For the first time in human history, four billion people are connected. Now, of course, when you talk about four billion of the total six billion people, it is a large number. Maybe two and a half billion people are BOP consumers as described in the book. So the first thing that has happened is this dramatic shift in the use of cellular phones and the dramatic build-up of subscribers. It is taking place across the world — sub-Saharan Africa, South Africa, Latin America, India, Southeast Asia, and China. All the companies in every one of these areas — Celtel, Safaricom, MTN, Airtel, Reliance, Globe — all of them are making money. So the first lesson here is if you can find the right sweet spot in terms of business models, there is a really huge and very profitable opportunity.
For example, India alone is creating more than 12 million subscribers per month — not per year but per month…. The second [concern] that people had was, can poor people and possibly illiterate people adopt new technologies? Do they need new technologies? Cell phones have again shown that the rate of adoption of this technology has been spectacular. People just understand how to use it and they are using it to good advantage. Third, in order to participate effectively, fundamentally new ecosystems are being created, including business model changes. For example — pay per use — prepaid cards — has become the norm in most parts of the world. We are moving away from average revenue per user, which has been the core metric of this industry for more than 50 years, to profitability per minute of cell phone time.
We are also moving away from very intensive business call carriers to very low capital intensity to building alliances and partnerships. For example, Airtel in India has outsourced its IT networks to IBM and its capacity to Ericsson and Nokia, and it has built a large number of application developers. So, essentially, if you look at what has happened, Airtel has found a way of converting its fixed costs into variable costs and creating an ecosystem that dramatically reduces capital intensity. The most important of all these is the creation of very large pools of micro-entrepreneurs — small shops which download minutes to your phone, which allows you to charge your phone. Lots of entrepreneurs are being created.
And, finally, we find that BOP markets can be an extraordinary source of innovation. If I look at Safaricom — with the M-PESA, which stands for Mobile Cash — it is allowing poor Kenyans, who do not have access to banks, to transfer money from A to B by text messaging. So you go to an agent. You pay them money and receive e-mobile money or e-money, which you can text to your friend. And he can go with an encrypted message and pass that text and collect real cash. This is not a small business. Seven million consumers are involved. On average, every day, there are a million transactions of $20-$25 per transaction — a total of $20 million to $25 million every day. This is bypassing banks. In the same way, if I am a Filipino maid working in Singapore, I can send money to my grandmother at home through an SMS message. Fundamental new applications are also being developed so that BOP is not only a source of markets for micro-consumers. There are also lots of innovation opportunities. So just taking one industry, we are now able to see what a profound impact an understanding of … BOP markets can have.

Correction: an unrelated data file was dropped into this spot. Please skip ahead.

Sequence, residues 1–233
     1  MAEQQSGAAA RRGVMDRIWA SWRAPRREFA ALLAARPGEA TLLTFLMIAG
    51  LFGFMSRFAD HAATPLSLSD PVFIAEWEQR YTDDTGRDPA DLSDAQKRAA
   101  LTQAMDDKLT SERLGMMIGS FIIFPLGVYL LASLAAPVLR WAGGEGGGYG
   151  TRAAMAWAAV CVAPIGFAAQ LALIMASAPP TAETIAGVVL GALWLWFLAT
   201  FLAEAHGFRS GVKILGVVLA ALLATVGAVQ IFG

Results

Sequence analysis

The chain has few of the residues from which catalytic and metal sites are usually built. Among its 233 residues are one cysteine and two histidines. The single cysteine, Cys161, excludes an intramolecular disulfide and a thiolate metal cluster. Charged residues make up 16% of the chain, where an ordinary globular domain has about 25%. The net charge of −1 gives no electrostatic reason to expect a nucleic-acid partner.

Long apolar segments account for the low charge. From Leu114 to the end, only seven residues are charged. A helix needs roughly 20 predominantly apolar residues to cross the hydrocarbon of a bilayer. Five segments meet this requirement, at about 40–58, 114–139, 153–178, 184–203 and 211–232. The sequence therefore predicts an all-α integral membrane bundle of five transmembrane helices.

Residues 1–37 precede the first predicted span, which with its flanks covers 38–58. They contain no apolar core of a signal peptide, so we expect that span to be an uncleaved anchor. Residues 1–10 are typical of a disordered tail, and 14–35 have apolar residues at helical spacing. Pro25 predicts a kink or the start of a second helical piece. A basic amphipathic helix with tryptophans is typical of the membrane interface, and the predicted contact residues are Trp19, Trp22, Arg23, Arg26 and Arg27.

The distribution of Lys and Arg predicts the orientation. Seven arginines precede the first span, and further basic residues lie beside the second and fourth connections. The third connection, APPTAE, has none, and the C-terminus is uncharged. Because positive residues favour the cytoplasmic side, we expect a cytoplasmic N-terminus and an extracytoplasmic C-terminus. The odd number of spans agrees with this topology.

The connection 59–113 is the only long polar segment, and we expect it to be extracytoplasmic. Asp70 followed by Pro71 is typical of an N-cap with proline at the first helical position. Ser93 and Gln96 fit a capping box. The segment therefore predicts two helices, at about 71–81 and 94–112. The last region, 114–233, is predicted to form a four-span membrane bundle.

Knowledge at Wharton: Where do you see this trend of using mobile technology creatively going in which mobile services can be harnessed to serve poor consumers in various ways?
Prahalad: I think mobile is going to be in public health and education — in managing pandemics like SARS and swine flu. It is going to be in entertainment — in video games and a wide variety of other things that use the mobile platform. Video gamers are now [asking], “Why can’t I download, not necessarily every complex game, but most of them, why can’t I create a seamless integration of my play at home in front of a PC and also on the go, where I can play with the mobile platform?” This is becoming a major opportunity for video gamers.
And so it is for education. There is absolutely no reason why we cannot mobilize everything from simple additions to multiplications and so on. [We could] teach children how to learn by themselves on their mobile phone and take tests remotely which are measured. Feedback is given to them, and if they don’t pass the test, you start all over again.
I see infinite possibilities, and I believe a lot of these innovations are going to come from BOP markets because there is a necessity there.
Knowledge at Wharton: What major obstacles do companies face when they try to implement BOP strategies?